You see the fear in her eyes, the pleading. Would you abandon her to a life of abuse to save more innocent children?
Ostensibly, Andrew Duncan is a fortunate, intelligent young man, but no one realises he’s actually much, much older. Big Pharma knows, though, and they will stop at nothing to learn his secret, because it will lead to massive profits.
While Andrew evades the tentacles of the giant corporation, he’s framed for the savage murder of a reporter. But who really did it – the pharmaceutical company or the child trafficking gang the journalist was probing? To prove his innocence, Andrew assumes the reporter’s investigation. But when he spots two of the victims, he’s forced into making a critical decision.
Andrew must find the assassin and expose the depraved gang. But the police are looking for him, Big Pharma is after him and a pair of little girls depend on him.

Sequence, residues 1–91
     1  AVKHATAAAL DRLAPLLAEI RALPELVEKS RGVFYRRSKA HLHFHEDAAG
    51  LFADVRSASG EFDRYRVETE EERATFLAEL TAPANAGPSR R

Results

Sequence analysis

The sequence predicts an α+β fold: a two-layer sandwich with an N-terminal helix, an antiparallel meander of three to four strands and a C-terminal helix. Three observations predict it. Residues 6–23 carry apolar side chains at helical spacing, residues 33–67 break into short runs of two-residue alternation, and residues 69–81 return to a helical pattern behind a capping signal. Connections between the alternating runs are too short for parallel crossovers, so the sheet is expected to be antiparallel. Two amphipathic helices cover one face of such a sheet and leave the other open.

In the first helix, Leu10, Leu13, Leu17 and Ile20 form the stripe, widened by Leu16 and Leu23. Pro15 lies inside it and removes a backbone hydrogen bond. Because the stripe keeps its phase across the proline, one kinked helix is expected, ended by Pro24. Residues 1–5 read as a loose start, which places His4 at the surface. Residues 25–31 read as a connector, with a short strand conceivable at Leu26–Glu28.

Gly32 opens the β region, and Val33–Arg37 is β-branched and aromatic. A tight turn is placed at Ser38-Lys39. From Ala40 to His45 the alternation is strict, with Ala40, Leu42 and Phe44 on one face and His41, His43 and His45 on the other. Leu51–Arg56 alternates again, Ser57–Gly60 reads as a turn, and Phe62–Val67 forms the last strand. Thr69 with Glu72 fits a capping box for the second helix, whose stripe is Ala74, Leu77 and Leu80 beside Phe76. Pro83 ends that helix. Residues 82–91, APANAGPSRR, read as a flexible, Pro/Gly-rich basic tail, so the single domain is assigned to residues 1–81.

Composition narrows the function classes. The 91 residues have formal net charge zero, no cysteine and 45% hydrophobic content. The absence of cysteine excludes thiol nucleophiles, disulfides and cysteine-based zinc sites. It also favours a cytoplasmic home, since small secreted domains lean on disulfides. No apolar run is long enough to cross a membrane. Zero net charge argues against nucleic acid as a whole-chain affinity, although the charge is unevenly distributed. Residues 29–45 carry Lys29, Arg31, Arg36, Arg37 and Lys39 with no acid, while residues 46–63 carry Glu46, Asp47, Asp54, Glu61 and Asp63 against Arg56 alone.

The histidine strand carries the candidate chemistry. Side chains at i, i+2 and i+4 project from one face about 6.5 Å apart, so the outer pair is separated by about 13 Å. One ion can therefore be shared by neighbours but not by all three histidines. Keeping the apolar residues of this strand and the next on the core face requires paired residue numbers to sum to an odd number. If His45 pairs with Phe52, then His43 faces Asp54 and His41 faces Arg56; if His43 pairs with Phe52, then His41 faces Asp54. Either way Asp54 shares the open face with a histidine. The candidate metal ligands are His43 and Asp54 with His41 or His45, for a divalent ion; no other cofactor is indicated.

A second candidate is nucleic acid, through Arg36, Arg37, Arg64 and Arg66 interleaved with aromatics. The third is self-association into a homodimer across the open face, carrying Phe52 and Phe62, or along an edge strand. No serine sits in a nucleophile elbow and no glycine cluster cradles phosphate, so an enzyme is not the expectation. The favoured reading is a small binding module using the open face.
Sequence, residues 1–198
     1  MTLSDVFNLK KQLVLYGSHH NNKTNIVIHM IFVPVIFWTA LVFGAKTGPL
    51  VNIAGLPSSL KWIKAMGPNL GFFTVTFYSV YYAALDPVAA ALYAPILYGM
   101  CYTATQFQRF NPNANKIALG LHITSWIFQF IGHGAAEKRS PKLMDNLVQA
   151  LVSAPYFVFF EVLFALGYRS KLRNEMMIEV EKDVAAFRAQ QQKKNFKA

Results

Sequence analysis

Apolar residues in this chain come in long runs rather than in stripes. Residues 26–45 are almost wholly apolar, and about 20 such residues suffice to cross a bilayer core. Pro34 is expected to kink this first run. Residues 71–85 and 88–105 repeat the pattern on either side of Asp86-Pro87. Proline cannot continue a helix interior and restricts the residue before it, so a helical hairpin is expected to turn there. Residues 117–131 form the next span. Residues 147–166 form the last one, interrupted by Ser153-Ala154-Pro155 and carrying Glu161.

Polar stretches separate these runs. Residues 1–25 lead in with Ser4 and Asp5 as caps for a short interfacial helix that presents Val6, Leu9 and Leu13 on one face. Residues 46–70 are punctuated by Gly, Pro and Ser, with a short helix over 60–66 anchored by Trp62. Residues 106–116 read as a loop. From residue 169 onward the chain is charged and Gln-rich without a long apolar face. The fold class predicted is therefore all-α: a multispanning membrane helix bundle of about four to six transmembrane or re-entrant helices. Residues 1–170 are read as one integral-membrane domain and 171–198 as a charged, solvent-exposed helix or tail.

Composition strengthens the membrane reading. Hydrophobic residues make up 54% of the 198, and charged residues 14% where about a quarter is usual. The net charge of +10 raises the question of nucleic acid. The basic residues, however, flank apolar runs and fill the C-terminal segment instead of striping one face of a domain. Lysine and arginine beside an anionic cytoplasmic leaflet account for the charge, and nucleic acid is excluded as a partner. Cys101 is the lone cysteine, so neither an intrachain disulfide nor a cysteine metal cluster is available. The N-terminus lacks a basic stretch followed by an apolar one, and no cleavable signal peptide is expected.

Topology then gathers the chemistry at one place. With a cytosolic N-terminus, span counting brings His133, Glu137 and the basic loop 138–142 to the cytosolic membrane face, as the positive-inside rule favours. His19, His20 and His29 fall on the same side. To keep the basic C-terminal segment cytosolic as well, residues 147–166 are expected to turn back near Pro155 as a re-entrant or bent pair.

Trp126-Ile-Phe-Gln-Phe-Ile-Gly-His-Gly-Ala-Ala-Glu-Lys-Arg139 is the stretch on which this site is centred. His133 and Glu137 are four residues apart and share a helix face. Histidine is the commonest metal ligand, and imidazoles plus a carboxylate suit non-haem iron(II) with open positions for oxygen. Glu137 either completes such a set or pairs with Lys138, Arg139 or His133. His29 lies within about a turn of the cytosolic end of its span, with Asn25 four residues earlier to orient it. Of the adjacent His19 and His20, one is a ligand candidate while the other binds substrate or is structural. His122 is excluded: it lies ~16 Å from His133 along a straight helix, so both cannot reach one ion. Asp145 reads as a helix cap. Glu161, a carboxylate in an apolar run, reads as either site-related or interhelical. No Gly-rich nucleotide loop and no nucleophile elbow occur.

Even worse, the assassin is closing in.
Thirty-Four is not a book in the fantasy genre. It’s an exciting thriller about a man, Andrew, who does not age. Because this is an impossibility (for the foreseeable future anyway), you’ve probably never thought of the implications of such a condition. While it might be an ideal situation for a very few people, if large numbers never aged, it would be catastrophic for humankind and the planet. Andrew knows this and is desperate to keep his condition a secret.
Whilst Andrew can do nothing about his situation, he decides to spend his life helping others overcome injustices. In Thirty-Four his only weapon is his dog, yet he has to find a killer, avoid being abducted by a pharmaceutical giant and bring down a gang of paedophiles. Somehow, all these players are connected, but he’s not sure how.